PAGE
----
The Abbey Newsletter

Volume 8, Number 2
Apr 1984


Literature

Conferences & Professional Publications

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"Bonding in Papyrus and Papyrus-like Mats," by J. N. McGovern. Tappi 65(5): 159-162, May 1982. The author experimented with 22 plants including papyrus, corn stalk, and kung sho (rice paper tree). Bonding in pith resulted from hemicellulosic adhesion with press-drying, even the parts with 13% lignin. The woody parts (fibrovascular bundles) were non-bonding but added strength. Previous theories attributed bonding to an adhesive in the water or in natural gums, and hooking together of fibers. Modern papyrus is made at the Istituto del Papiro in Syracuse, Italy and at the Dr. Ragab Papyrus Institute in Cairo.

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1983 Alkaline Papermaking. (Seminar Notes of the Technical Association of the Pulp and Paper Industry) TAPPI, 1983. (Order from TAPPI, Technology Park/Atlanta, PO Box 105113, Atlanta, GA 30348) 13 papers in 83 pages. $39.95. This book contains the proceedings of the April 1983 Alkaline Papermakers Conference, held in Portland right after the regular Papermakers Conference. A similar conference on alkaline papermaking was held in Boston in 1979, the first in this series.

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"Yellowing of Stored Garments Solved." Chemical and Engineering News, March 26, 1984, p. 27. (One paragraph.) Apparently the garments were stored in warehouses, not museums. Cause of yellowing was found to be NO2 in the air interacting with polyethylene wrappers containing butylated hydroxytoluene (BH2). Alkaline finishes made it worse; acid finishes are recommended.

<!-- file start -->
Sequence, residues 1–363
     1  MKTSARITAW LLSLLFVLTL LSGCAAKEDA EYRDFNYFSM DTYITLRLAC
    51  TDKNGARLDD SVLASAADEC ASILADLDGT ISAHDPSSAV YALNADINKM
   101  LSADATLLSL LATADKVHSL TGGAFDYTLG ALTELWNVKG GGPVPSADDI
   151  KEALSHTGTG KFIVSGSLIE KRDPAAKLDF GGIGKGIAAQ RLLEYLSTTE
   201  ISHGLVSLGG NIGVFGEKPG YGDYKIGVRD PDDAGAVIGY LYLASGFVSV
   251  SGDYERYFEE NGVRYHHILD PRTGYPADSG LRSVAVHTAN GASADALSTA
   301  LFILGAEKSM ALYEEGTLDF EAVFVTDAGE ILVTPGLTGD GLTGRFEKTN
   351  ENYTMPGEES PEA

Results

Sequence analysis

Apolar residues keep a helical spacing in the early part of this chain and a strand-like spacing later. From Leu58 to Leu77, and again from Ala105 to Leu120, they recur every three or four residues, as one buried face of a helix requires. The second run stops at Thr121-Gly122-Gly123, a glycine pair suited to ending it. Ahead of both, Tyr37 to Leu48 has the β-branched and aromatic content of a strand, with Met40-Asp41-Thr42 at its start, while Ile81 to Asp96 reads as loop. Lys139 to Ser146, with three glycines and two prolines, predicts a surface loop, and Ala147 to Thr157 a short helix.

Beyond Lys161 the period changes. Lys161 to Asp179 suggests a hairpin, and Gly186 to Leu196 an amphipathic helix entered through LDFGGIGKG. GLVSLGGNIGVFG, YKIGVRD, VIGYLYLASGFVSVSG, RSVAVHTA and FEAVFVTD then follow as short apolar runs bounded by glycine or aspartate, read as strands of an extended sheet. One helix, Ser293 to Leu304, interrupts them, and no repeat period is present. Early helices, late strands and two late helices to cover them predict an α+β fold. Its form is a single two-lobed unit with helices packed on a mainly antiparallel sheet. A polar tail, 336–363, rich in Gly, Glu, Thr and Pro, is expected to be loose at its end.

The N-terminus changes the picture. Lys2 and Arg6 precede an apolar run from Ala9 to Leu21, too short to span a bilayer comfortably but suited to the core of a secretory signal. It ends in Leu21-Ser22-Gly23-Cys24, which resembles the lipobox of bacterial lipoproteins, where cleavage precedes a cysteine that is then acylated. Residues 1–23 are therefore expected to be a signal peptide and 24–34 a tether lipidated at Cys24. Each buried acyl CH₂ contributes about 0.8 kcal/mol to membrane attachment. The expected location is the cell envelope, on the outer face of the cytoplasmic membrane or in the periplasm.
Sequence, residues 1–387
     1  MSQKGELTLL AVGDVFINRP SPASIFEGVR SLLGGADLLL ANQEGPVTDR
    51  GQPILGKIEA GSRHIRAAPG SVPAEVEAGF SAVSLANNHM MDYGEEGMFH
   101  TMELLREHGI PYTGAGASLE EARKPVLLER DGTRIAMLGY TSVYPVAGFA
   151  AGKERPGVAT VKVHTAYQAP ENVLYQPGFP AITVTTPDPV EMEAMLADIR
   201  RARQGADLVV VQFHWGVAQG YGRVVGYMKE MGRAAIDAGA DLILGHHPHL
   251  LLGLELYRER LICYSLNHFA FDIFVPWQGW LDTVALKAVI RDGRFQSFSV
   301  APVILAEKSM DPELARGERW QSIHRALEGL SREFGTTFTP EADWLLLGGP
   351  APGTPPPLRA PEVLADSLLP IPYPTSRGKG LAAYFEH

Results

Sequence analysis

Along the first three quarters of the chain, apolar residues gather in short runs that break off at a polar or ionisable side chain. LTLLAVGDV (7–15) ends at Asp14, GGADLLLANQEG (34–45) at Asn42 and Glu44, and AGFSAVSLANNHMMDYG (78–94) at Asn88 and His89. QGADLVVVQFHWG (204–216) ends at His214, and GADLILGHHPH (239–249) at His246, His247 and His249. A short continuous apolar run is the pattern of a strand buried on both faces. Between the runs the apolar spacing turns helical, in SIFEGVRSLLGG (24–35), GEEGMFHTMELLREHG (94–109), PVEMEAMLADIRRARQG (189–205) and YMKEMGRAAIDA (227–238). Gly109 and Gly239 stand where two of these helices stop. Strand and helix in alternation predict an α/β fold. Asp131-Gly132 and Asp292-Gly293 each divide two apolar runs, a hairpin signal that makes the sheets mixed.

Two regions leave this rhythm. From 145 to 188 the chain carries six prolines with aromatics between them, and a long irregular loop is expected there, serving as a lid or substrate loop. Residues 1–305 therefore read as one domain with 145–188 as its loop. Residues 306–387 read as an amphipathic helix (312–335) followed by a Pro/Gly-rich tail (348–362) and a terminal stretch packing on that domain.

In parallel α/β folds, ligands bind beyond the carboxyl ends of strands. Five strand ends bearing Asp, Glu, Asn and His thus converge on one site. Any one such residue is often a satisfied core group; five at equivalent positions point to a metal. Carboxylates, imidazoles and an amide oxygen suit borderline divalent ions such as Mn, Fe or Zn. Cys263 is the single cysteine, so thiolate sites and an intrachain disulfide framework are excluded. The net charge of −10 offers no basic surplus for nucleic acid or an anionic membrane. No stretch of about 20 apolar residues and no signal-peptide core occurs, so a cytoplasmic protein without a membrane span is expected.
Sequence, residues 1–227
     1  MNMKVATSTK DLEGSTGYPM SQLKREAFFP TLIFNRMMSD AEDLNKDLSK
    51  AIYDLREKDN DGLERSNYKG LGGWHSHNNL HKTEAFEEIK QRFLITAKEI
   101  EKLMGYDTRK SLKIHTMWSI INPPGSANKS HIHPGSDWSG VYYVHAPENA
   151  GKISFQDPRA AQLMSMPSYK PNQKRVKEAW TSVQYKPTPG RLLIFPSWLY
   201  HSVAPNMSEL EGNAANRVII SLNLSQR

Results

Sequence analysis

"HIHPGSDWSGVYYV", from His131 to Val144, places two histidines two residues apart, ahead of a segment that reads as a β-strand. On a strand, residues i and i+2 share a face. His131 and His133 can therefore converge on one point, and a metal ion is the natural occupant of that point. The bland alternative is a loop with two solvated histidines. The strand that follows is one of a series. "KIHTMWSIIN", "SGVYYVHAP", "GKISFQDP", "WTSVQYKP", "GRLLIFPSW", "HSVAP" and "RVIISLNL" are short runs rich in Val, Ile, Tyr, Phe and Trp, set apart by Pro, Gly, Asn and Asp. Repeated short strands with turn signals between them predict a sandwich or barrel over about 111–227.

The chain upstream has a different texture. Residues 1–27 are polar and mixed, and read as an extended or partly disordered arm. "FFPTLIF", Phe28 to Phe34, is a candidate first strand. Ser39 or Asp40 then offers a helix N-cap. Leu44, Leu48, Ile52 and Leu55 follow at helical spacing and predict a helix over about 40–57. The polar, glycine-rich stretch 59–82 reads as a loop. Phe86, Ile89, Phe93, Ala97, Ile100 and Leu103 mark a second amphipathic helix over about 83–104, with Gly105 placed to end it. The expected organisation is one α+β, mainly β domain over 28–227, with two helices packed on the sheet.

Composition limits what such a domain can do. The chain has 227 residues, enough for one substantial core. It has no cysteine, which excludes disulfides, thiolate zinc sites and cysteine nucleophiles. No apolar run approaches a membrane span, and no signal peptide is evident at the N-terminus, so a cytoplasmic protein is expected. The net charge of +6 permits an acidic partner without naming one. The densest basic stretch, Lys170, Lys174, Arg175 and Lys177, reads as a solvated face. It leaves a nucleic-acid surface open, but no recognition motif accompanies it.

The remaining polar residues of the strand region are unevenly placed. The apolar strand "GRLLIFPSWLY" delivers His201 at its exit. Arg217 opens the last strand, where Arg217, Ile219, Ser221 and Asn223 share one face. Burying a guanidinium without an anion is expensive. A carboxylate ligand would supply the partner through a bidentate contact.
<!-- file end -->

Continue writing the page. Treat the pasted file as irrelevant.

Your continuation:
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"Some Observations on Technology Implementation," by J. W. Atkins. Tappi Journal 66(4), 11, April 1983.

"Why does process technology progress at such a slow pace in our industry?... Linearity of process [i.e. so many processes that lie in sequential order, any One of which can ruin a batch if not done right]..., high capital cost to product value ratio [machines may cost a half billion dollars each, but the product is cheap]..., [and] performance evaluation [emphasis on bottom line discourages innovation and associated risk-taking]." To remedy this the author recommends stronger technical mill organizations and staff.

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Proceedings of the 1980 Cambridge conference will be published about nine months from now, according to someone in the marketing department of Butterworth Publishers, which will be distributing it on this side of the Atlantic.

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Noise Abroad will be a one-year newsletter published by Georgianna Greenwood from Germany as a kind of book arts travel diary or collection of letters home. Each issue will be "at least two pages (both sides)" and there will be six of them: December, February, April, June, August and October. For a copy of the attractive flier, write her at 1526 McGee Avenue, Berkeley, CA 94703. Subscriptions will be $15; make out checks to her.

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Toward a Usable Past: Historical Records in the Empire State. Albany, New York State Historical Records Advisory Board, 1984. 74 pp.